Agroecology: the ecology of sustainable food systems by Stephen R. Gliessman

By Stephen R. Gliessman

Offering the theoretical and conceptual framework for this turning out to be box, 'Agroecology' develops the certainty of environmental elements and complexities affecting agricultural plants and animals. --Provided by means of publisher.

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offering the theoretical and conceptual framework for this turning out to be box, 'Agroecology' develops the knowledge of environmental elements and complexities affecting agricultural vegetation and animals. Read more...

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In nearly all cases, realizing investors’ plans means removing the people living on and farming the land, often violently and usually without consultation or compensation (Geary 2012). Agroecology: The Ecology of Sustainable Food Systems As a result of these and other trends, rural people—once able to feed themselves adequately and sell surplus food to city dwellers—now make up the most food-insecure group worldwide. It is estimated that 80% of the world’s hungry live in rural areas (Mikhail 2012).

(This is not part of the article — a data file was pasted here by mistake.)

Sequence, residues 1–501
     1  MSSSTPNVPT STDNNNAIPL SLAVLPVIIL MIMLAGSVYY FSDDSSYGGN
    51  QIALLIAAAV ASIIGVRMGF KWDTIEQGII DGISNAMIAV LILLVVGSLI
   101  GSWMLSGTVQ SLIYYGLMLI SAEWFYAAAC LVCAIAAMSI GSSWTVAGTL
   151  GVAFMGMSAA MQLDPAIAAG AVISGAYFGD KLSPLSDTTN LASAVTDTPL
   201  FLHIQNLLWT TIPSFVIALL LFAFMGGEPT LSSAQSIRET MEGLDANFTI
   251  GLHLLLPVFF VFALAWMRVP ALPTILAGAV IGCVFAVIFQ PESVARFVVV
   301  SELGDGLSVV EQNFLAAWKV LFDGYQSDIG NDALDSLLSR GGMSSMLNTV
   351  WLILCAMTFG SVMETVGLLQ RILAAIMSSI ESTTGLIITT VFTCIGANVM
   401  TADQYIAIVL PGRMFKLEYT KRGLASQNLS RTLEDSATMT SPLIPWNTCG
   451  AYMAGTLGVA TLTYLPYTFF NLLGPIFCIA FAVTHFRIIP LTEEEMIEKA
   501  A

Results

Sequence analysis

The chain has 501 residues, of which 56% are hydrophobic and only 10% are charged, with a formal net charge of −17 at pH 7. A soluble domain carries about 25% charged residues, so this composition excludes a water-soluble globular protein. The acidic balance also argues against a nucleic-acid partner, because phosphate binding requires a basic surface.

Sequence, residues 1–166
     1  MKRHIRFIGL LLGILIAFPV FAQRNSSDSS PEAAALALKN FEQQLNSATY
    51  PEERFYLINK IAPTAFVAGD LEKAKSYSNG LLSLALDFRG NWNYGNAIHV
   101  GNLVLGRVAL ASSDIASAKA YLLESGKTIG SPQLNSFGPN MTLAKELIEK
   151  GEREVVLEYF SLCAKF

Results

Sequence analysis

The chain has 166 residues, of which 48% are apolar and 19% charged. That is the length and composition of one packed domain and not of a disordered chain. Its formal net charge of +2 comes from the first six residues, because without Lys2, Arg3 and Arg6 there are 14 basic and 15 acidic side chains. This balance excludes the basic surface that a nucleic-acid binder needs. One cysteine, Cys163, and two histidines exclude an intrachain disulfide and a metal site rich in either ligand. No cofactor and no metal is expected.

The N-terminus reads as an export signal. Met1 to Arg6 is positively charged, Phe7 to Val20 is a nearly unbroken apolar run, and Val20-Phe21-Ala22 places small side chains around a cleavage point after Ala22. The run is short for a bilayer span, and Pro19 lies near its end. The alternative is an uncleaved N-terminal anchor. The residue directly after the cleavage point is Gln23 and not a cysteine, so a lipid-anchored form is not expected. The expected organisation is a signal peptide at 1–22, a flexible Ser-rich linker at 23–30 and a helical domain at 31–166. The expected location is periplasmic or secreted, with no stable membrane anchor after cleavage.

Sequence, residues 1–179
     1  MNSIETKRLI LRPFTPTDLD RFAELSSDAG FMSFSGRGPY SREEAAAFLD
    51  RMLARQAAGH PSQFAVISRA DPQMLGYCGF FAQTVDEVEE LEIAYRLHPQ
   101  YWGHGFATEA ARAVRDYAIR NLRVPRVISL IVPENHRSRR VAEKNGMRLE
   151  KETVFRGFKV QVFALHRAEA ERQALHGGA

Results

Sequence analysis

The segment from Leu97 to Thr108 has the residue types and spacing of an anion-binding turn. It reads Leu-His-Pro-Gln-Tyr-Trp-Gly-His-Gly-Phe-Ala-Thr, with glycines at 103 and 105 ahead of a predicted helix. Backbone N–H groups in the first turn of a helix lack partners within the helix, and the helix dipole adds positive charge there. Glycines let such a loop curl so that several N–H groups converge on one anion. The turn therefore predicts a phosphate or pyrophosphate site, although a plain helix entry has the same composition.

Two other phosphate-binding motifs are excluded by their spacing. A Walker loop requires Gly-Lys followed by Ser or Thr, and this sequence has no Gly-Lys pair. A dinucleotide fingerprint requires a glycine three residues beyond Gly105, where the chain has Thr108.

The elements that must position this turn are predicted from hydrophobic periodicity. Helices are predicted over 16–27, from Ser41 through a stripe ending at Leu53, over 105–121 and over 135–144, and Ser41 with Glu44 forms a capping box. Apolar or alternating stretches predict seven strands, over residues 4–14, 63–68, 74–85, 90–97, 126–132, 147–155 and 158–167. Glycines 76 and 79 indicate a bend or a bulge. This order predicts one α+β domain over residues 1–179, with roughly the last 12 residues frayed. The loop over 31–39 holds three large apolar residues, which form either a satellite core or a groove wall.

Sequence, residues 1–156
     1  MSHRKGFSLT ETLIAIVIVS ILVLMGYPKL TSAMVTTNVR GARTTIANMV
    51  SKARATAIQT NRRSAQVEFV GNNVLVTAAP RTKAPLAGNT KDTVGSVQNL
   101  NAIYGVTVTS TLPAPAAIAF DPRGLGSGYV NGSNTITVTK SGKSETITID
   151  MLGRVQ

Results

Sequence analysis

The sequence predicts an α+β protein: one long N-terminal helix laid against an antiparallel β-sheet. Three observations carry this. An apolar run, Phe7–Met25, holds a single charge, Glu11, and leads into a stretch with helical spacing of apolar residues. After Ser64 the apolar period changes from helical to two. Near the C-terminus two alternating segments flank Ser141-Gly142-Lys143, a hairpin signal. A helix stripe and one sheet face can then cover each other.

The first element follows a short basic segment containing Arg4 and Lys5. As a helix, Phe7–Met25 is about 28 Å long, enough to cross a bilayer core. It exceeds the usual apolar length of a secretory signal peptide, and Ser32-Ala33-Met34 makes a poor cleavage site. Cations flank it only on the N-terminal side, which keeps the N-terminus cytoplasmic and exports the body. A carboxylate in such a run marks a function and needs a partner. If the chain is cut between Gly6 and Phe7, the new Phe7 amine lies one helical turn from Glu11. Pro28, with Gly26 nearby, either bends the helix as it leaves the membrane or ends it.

Cities—which will continue to provide homes for a large number of the world’s people—will be supplied with food less by global markets and more by agroecosystems in the surrounding region and in the cities themselves. Agricultural knowledge will exist primarily in the public domain, where it will be widely dispersed and embodied more in farmers’ practices than in technological products and systems. Farmers will be rewarded for the environmental services that their farms provide beyond the production of food.

This statistic indicates that the unequal distribution of food—which is both a cause and a consequence of global ­inequality—is at least as serious a problem as the threats to global food production. Since hunger, poverty, and inequality existed before the rise of industrial agriculture in the latter half of the 1900s, it is tempting to argue that global inequality is unrelated to industrial agriculture—that it has separate causes. While some causes are indeed separate, it is also true that industrial agriculture perpetuates and accentuates existing relationships of inequality.

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